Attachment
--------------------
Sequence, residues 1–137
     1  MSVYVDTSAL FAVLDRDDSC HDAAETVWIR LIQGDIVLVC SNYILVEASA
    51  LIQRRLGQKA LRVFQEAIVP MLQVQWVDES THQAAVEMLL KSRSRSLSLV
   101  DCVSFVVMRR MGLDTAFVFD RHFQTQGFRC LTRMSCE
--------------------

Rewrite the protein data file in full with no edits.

Sequence, residues 1–137
     1  MSVYVDTSAL FAVLDRDDSC HDAAETVWIR LIQGDIVLVC SNYILVEASA
    51  LIQRRLGQKA LRVFQEAIVP MLQVQWVDES THQAAVEMLL KSRSRSLSLV
   101  DCVSFVVMRR MGLDTAFVFD RHFQTQGFRC LTRMSCE